What is MIPS technology and why could it revolutionise riding helmet design?

  • A safety feature, already widely used in cycling and skiing helmets and designed to reduce brain injuries, could be set to revolutionise riding helmet design. That is the prediction from Charles Owen’s chief executive Roy Burek, after the company’s MS1 pro jockey skull, whose features contain the Multi-Directional Impact Protection System (MIPS), won a safety award at the recent equestrian industry trade show BETA International.

    MIPS is designed to add protection against the rotational motion transmitted to the brain from angled impacts to the head, which increase the risk for minor and severe brain injuries. A quick, sudden stop such as that caused by a rider falling off a horse at speed will cause the brain to move or stretch; this happens mainly due to the brain’s suspension in the cerebrospinal fluid.

    “MIPS is a low friction slip layer that mimics the action of the scalp and how it works to protect the brain against rotational motion,” explains Mr Burek. “The human scalp was designed to be effective at speeds as fast as humans can run, but now we have the ability to go much faster – on a bike, or riding a horse, for example – the scalp runs out of movement and our heads need a ‘top-up’ protection.”

    The development of MIPS began in 1995 when Swedish neurosurgeon Hans von Holst questioned why patients were coming in with brain injuries despite having been wearing helmets.

    “These helmets did not always show dramatic marks or damage, and yet the patients still had serious brain injuries. The surgeon began looking at standards and construction for helmets, and realised testing was based on straight line impact,” says MIPS chief executive Johan Thiel.

    When new methods were developed to look at how angle, speed and sudden stop caused impact to the brain, the idea for a low friction layer which mimicked the action of the scalp came into being. While the technology has been used for equestrian helmets since 2008/09, the biggest markets for MIPS are currently cycling and skiing.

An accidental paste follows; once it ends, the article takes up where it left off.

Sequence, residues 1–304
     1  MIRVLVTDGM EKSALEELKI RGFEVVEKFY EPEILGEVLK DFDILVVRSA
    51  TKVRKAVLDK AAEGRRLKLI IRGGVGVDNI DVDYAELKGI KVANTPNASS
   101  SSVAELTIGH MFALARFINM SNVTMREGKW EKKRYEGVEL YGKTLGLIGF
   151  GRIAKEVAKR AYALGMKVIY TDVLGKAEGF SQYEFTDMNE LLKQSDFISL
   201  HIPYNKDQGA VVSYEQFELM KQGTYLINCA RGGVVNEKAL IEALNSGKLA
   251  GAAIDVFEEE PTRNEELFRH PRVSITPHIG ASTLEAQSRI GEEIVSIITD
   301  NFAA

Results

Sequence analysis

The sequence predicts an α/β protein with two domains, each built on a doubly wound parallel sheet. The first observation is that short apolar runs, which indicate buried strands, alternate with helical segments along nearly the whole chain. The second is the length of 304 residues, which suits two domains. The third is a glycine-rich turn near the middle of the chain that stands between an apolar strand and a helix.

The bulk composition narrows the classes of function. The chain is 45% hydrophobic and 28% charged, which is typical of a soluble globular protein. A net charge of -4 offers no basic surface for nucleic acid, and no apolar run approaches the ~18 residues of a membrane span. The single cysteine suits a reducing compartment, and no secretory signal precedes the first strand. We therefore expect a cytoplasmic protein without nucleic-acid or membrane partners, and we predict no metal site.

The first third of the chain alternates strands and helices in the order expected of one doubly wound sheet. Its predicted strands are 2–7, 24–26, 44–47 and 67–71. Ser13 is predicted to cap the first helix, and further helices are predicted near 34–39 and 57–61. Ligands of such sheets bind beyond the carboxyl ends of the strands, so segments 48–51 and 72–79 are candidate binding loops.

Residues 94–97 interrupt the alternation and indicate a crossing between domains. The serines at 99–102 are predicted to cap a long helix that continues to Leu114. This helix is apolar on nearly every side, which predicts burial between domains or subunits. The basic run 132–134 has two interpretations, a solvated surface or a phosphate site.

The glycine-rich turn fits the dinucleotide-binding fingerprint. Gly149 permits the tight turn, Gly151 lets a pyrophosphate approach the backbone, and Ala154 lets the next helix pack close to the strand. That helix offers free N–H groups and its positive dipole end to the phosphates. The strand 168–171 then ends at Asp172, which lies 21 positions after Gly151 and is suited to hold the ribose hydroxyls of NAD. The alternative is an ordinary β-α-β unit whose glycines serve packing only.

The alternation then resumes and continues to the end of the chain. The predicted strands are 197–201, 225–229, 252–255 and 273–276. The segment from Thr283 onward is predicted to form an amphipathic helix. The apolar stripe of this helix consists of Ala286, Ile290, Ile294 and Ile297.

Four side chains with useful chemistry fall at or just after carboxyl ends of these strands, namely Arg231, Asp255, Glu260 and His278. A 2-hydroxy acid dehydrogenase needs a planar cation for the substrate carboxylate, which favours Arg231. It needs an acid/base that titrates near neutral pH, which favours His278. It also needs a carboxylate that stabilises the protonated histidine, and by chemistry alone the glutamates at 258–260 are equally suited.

“We believe it is beginning to gain traction now in the equestrian market, however,” says Mr Thiel, who believes the European CE standard will change to integrate this type of technology in the future for all riding helmets. “Horse riders have an awareness they will fall off, but it takes time to educate people about the best equipment for protecting themselves.”

    Mr Burek, who sits on the equestrian committee for European CE standard, agrees and says the committee would like to be early adopters of a test method that can reliably assess helmets using this technology.

    “Having a test that is relatively cheap, reliable and reproducible is the challenge. Work is underway to produce a test head that recreates the spinning and turning effect of an angled impact fall,” he says.

    The new Charles Owen helmets featuring the technology include the MS1 pro jockey skull and two My PS helmets.

    Finest Brands International’s Champion Revolution MIPS deluxe hat took highly commended in the safety category at BETA International.

    “After 10 years of research, Champion is delighted to announce the introduction of riding headwear with MIPS technology, which is designed to provide a small amount of movement within the helmet during impact. Adding rotational injury protection is an obvious step forward to ensure Champion continue to offer the most advanced protection,” says managing director Sarah-Jane Fedarb.

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    The MIPS low friction layer, which is designed to give 10-15mm of movement, adds around 25-45g in weight and around £20-40 to the cost of the helmet.

    “Of course we need real world feedback before we start saying that this is for everyone, but that is the case for any product in the equestrian market which is hailed as the next wonder technology that will revolutionise safety,” says Mr Burek, who is aiming to launch the new MIPS hats at this year’s Badminton.

    “There will be those who embrace it straight away, those who think it’s not needed and those who will buy it so long as the helmet looks good – but we are confident once we have the proof this makes a real difference to brain injury rates, customers will start demanding this extra feature on helmets.”

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